In 2015 I was living 15 miles out of town, on three acres with fields and woods on either side and woods across the street. Many of the photos I’ve posted to Bugguide.net were taken there. When we moved in 2018 to a village rental, I wondered how many insects I’d see. As it turned out, not many. The residential use of pesticides and clearing of any wild shrubby areas had done their work. Even when clover bloomed all over the lawns of the nearby college campus, there were hardly any bees foraging the nectar.
When I discovered the emerging Giant Leopard moth, Hypercompe scribonia, on a plant I’d moved indoors, it was a double pleasure – it is rare enough to witness important moments in an insect’s life, and it would especially rare in my new surroundings.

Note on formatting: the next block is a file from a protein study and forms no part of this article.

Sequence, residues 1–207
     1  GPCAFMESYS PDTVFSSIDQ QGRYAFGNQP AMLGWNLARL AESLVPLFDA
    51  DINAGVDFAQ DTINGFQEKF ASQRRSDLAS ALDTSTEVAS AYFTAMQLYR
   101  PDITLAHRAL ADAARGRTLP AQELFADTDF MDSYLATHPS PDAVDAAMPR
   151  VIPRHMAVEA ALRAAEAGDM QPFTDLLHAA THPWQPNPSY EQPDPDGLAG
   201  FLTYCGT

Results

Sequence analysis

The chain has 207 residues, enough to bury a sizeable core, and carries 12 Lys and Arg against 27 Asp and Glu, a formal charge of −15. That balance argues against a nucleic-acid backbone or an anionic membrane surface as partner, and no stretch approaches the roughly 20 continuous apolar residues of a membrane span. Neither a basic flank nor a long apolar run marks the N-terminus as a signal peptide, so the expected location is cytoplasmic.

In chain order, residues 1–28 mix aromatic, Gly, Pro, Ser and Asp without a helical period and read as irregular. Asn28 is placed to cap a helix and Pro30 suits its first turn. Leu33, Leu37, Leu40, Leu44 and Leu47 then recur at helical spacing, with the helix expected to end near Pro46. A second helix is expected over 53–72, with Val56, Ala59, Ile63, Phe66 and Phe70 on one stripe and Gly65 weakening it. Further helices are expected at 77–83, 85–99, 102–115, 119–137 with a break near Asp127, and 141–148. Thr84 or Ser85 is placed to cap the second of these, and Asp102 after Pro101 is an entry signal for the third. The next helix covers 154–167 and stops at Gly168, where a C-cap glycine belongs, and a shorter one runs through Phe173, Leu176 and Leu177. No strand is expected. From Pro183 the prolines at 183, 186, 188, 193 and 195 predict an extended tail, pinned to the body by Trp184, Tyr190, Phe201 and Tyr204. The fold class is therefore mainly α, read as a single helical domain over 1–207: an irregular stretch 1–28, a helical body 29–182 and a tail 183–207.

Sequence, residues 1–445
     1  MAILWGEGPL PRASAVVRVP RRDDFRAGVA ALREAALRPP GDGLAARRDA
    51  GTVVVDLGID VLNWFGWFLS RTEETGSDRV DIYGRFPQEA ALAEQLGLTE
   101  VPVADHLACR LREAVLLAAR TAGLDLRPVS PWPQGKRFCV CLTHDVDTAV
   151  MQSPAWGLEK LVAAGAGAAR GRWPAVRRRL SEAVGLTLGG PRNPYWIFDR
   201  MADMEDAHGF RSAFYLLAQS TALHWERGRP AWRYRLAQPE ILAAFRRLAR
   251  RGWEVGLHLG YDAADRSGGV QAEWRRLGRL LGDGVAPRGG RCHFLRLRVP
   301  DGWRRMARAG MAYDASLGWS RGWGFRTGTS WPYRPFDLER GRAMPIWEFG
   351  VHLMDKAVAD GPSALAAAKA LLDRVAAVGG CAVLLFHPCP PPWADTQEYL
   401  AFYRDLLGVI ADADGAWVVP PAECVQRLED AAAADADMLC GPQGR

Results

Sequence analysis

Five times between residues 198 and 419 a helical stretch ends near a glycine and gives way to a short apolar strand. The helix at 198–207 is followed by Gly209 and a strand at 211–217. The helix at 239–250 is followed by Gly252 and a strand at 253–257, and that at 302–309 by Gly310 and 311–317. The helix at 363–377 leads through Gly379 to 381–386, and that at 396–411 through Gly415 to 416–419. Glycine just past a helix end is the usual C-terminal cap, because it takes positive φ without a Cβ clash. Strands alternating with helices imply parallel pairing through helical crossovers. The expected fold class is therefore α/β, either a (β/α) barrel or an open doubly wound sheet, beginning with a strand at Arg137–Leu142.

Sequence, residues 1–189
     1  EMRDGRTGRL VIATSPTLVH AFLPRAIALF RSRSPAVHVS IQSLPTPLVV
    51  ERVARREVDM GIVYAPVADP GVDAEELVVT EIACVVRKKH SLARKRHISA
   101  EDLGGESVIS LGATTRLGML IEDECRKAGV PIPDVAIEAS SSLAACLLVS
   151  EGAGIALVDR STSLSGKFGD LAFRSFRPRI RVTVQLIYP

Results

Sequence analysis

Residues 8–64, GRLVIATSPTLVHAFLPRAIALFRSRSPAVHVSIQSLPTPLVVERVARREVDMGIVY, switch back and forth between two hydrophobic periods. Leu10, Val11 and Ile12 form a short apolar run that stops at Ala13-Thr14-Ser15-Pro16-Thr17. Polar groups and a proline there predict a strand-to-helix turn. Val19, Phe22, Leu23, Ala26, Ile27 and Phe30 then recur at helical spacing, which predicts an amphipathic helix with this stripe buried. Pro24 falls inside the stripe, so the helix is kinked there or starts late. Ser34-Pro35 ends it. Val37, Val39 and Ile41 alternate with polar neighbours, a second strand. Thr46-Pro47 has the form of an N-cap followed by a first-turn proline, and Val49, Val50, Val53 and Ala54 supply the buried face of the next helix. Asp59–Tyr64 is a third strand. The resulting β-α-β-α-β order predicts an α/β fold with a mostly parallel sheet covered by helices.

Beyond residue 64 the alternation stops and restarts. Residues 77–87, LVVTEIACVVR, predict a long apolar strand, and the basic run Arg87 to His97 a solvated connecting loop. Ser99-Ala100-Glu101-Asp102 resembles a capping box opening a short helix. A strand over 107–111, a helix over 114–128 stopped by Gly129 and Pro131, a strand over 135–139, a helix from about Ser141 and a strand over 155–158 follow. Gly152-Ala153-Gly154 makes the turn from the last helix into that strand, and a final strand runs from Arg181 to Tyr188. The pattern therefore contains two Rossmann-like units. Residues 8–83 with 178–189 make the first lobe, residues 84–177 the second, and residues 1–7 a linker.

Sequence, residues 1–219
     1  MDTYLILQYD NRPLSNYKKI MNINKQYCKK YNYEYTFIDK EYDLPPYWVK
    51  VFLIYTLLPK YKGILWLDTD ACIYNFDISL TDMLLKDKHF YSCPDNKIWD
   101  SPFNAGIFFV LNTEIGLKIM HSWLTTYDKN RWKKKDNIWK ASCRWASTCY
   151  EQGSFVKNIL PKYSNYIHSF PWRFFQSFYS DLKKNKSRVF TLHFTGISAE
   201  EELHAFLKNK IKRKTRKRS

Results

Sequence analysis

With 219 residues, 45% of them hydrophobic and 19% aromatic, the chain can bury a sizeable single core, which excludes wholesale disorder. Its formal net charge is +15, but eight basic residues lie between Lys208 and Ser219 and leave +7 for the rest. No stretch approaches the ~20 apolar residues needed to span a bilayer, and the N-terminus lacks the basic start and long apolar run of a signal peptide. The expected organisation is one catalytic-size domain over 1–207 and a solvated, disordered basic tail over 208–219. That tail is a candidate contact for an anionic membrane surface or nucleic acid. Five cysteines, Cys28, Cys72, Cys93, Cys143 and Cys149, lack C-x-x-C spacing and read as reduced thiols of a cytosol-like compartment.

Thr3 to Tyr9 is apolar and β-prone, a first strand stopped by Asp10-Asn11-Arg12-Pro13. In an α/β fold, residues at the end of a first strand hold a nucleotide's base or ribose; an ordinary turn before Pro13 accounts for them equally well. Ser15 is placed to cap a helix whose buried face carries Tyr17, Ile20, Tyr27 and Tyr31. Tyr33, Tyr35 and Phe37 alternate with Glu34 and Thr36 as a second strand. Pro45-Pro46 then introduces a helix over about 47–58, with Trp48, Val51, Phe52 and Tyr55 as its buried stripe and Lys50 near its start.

Here’s what the moth looked like when I first saw it –
Twenty minutes later the transformation was complete. These two photos are now 2 of a set of 3. I took the caterpillar’s photo on October 24, 2015. When the caterpillar is at its full length, it is a handsome black, when it curls into its protective position, the red intersegmental rings are on display.
Now we own a home in the village, and I’ll have a chance to try to establish a small oasis for insects here in our yard. In the swirl of human activity that glimmers with foolishness and sorrow, trying to take care of the pollinators and other insects in the face of all that is stacked against them seems a reasonable task. It is one that will remind me over and over that I, too, am an animal; that I have a share in their fate as surely as they have a share in mine.